The Shepherd's Calendar: Poem - Summary and Analysis

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      The Shepherd's Calendar (1579) was the earliest important work of Spenser. It consists of twelve eclogues one for each month of the year; written in different metres, and modelled on the eclogues of Theocritus, Virgil and more modern Writers. Four of them deal with love, one is in praise of Elysa (Elizabeth), one, a lament for a 'mayden of greate blond', four deal with matters of religion or conduct one describes a singing match and one laments the contempt in which poetry is held.

The Shepherd's Calendar (1579)
The Shepherd's Calendar

Critical Analysis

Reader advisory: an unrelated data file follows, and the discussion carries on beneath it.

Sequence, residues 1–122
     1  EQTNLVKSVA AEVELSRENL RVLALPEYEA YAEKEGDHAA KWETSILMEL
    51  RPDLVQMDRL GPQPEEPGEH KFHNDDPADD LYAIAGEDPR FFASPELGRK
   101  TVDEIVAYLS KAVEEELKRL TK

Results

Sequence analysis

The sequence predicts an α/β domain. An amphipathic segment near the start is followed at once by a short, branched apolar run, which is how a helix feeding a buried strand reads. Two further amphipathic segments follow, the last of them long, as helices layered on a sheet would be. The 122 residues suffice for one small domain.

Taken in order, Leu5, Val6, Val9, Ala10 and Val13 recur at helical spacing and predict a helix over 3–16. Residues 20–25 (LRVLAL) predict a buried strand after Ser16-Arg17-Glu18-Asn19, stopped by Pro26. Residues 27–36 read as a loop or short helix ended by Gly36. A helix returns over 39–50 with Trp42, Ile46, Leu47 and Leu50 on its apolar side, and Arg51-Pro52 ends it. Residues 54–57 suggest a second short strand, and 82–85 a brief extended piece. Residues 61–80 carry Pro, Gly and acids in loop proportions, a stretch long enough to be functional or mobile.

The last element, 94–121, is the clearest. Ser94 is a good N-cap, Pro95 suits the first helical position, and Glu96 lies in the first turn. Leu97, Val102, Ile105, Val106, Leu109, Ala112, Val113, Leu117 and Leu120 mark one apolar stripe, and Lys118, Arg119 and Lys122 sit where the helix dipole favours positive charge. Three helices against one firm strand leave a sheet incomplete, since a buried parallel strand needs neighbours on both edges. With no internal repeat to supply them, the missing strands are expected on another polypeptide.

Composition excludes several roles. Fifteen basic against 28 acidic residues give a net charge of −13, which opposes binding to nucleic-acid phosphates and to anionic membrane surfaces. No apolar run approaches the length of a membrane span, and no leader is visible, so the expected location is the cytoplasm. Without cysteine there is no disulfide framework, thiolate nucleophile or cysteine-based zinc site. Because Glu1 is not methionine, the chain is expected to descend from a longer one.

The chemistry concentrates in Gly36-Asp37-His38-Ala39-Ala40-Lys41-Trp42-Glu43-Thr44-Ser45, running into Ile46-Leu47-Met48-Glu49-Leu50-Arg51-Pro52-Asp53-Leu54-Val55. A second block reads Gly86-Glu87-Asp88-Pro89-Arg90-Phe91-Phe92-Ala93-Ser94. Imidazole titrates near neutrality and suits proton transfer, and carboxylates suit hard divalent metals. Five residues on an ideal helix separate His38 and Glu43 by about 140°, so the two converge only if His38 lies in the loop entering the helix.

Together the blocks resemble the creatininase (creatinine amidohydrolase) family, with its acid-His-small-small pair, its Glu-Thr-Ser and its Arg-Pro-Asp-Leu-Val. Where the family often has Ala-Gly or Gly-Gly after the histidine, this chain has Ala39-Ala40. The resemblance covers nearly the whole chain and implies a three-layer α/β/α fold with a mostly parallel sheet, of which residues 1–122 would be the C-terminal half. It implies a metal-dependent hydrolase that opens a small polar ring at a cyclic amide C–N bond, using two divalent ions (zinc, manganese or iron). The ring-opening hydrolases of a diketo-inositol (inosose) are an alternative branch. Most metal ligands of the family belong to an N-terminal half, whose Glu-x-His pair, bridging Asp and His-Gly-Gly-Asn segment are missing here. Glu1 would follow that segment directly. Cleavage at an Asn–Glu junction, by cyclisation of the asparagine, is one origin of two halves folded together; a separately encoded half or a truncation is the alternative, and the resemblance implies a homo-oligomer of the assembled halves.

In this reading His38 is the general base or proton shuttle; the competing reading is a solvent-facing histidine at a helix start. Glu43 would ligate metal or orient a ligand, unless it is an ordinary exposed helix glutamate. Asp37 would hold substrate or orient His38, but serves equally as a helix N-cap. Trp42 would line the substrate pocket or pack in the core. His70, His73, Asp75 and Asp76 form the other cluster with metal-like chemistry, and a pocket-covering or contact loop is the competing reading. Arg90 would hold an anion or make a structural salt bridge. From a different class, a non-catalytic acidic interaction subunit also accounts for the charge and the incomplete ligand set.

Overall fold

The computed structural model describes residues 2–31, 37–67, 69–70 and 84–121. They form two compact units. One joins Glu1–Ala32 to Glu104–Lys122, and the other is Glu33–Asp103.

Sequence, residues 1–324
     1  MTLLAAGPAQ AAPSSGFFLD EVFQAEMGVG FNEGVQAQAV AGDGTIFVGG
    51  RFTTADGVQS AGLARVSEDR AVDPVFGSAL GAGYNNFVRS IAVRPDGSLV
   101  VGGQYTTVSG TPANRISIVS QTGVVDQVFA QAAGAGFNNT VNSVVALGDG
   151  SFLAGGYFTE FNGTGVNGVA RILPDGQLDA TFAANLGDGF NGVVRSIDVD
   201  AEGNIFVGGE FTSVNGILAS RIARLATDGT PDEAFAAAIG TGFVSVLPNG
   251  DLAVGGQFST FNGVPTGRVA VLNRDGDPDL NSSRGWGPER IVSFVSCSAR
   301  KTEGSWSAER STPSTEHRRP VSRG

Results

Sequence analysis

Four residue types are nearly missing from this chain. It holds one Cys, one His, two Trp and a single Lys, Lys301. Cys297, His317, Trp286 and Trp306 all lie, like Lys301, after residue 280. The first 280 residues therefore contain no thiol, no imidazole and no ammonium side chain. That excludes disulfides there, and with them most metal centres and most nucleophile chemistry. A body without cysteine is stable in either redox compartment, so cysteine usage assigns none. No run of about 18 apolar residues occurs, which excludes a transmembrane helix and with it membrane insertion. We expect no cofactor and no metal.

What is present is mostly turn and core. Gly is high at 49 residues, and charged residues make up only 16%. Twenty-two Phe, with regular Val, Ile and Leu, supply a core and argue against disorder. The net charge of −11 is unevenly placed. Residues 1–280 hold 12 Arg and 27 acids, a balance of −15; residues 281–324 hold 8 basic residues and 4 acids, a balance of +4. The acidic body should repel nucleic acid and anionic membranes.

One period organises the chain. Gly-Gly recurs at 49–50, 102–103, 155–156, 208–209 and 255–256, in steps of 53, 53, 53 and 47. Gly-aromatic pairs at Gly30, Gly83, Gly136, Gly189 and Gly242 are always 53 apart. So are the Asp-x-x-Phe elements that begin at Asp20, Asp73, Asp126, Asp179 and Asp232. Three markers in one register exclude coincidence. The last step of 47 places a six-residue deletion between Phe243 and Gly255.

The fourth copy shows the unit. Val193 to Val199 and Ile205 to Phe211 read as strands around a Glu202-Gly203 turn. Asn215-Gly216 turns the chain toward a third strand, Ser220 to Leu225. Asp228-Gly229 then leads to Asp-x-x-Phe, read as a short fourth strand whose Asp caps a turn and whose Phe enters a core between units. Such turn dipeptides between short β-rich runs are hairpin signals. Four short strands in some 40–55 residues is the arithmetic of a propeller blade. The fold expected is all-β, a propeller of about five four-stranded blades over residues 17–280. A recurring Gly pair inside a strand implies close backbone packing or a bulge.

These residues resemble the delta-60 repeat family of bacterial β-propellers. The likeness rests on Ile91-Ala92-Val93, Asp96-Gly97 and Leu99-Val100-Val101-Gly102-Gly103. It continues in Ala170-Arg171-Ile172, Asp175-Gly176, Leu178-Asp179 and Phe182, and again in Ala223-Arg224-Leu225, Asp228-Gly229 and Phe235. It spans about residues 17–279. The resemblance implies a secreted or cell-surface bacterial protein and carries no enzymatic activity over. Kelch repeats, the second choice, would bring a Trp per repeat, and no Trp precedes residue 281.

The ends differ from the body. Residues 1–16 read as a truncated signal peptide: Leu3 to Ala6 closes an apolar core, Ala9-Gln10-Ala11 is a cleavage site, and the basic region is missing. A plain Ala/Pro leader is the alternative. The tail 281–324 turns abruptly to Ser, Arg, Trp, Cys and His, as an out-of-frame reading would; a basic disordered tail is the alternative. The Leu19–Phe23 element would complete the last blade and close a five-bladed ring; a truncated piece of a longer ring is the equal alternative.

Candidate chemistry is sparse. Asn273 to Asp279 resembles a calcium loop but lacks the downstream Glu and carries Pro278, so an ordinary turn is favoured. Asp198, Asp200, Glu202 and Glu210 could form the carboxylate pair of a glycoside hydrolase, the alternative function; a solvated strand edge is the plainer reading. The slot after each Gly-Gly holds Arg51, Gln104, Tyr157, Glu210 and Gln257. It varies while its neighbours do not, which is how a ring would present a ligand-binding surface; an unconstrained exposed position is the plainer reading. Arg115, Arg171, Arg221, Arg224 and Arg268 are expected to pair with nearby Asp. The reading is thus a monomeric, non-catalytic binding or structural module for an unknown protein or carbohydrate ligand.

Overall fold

The Shepherd's Calendar is modelled on the artificial pastoral popularised by Virgil and Theocritus. Theocritus and Virgil already sed the pastoral as a theme of love Spenser pursues the theme in more than one or the eclogues and tells the tale of his own hopeless passion for Rosalind. Technically, it is a poem of considerable merit and shows great power in dealing with various old metres in fresh and masterly way. His love of allegory leads him to pretty pieces of word-painting. Comparing this poem with the verse preceding it, one realises the richness, the warm pictorial beauty and sense of amplitude hitherto foreign to English poetry. Never before was there an English poem in which the combination of lines and rhymes was so various, rich and novel. In Spenser's Shepherd's Calendar, his humanist taste combines with his love for the soil. From the moment of its publication, Spenser became the acknowledged national poet.

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